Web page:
Yet the scene can support any number of purposes. Maybe it’s about the party planner who spent the last month ensuring this moment would go perfectly. This, too, may be a first-person or third-person limited point of view, but a different one. And this one likely would have suspense, not from knowing about any danger but from wondering alongside the planner how the party will go.
Or maybe this is an ensemble piece about a whole group of friends. In this case, our purpose is to show their interactions with one another in the context of this party. The resulting third-person omniscient perspective may not be about surprise or suspense, or at least not in the specific context of the surprise party. The party may be a prism through which we discover more about the characters.
The Best Point of View for Your Purpose
So, what’s the best point of view? What would make the best scene?
There is no right answer to that question—and that’s the beauty of point of view. You can write a great scene about two friends unaware of the bomb right beneath them. Or you can write a great scene in which two friends are killed by a bomb neither saw coming. You can write a great scene in first-person, third-person limited, third-person omniscient, third-person objective, or even second-person if you have an idea that especially suits it.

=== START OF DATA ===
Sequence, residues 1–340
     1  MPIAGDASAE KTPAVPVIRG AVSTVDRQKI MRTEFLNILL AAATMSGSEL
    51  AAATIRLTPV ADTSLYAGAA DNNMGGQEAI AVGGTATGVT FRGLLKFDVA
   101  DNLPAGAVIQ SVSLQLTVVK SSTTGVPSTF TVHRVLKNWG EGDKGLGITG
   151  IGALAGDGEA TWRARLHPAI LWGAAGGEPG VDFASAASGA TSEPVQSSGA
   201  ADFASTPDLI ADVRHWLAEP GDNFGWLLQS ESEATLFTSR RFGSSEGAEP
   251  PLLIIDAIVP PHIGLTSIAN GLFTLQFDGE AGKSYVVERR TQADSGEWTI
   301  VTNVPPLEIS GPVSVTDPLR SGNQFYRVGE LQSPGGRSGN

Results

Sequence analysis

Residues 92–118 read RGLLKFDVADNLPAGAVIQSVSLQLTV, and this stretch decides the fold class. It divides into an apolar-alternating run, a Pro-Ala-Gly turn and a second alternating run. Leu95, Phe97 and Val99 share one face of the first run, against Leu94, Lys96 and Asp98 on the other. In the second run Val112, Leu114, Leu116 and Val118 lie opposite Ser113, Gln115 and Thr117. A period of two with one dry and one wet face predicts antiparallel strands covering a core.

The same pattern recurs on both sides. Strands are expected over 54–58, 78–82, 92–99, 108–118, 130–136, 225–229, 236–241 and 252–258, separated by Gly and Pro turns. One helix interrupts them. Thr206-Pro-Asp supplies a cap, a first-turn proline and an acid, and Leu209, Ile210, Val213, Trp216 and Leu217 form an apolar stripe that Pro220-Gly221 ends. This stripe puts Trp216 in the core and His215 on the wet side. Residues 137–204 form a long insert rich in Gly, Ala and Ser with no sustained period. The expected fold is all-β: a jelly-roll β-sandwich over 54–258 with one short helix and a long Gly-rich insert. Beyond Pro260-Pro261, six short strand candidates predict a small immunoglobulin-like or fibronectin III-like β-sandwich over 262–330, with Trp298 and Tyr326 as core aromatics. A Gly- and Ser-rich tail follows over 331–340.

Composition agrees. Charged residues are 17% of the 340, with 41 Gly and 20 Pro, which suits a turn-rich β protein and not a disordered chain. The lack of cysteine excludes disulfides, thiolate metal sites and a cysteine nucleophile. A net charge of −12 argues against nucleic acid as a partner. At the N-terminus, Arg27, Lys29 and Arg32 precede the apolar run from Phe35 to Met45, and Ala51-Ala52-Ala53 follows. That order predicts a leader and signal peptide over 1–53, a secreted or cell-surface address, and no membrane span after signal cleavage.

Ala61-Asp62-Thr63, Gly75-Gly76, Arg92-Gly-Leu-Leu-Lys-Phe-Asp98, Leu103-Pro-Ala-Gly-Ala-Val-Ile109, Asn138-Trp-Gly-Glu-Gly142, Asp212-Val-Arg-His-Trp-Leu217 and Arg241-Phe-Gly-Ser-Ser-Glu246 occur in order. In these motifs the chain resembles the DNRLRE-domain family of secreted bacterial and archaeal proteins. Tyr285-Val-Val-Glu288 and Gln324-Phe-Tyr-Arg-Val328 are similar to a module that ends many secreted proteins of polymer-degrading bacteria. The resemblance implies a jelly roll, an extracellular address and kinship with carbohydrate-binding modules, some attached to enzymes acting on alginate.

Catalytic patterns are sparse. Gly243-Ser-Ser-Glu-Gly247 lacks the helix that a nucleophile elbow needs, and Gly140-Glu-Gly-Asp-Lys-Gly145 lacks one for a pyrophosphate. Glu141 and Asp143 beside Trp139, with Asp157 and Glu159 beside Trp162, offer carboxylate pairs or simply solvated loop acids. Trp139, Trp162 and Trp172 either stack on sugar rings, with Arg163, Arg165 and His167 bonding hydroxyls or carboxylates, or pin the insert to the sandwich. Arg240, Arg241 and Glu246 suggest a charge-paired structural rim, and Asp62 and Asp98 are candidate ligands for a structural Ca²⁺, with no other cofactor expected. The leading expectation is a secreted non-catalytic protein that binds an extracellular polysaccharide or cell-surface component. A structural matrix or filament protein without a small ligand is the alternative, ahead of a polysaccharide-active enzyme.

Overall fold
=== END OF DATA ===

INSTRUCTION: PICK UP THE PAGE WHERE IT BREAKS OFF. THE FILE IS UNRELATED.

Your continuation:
In much the same way that point of view helps you focus your narrative, so does your intended narrative help define your point of view.
This is also the reality that can guide you through the complexities of third-person omniscient. As we’ve discussed in previous posts, third-person omniscient can be very difficult to manage because of the infinite possible perspectives at your disposal. But still the world is filled with great books that feature multiple perspectives, and what enables that to work is that each perspective is chosen with purpose, based on the author’s intent and the needs of the story.
So when you’re crafting your story, ask yourself these questions:
1.) What experience am I going for in this story or scene?
Suspense and surprise are only two options. Maybe you want a raw emotional breakdown, or a careful emotional distance.
2.) What character best communicates that experience?
Sometimes an entire novel includes only one answer to that question. Sometimes there are many. It depends on the story. What character is breaking down? What character is keeping that distance?
3.) How might other points of view change the story or scene?
Don’t assume you have it all figured out! Maybe you start with an emotional breakdown, but in the writing realize that something emotionally reserved would actually carry more impact. Entertaining the idea of other perspectives may bring you a purpose you didn’t see before.
These questions will help you discover the purpose in your writing, and with purpose comes the point of view that will bring your intentions to life.
We’ll talk more about point of view and the unreliable narrator next. In the meantime: How does your usual point of view choice support your intentions? Or how does it not? Let me know!
Harrison Demchick came up in the world of small press publishing, working along the way on more than two dozen published novels and memoirs, several of which have been optioned for film. He is an award-winning, twice-optioned screenwriter, and the author of literary horror novel The Listeners. He’s part of The Writer’s Ally team as a developmental editor of fiction and memoir, for which he’s currently accepting new clients.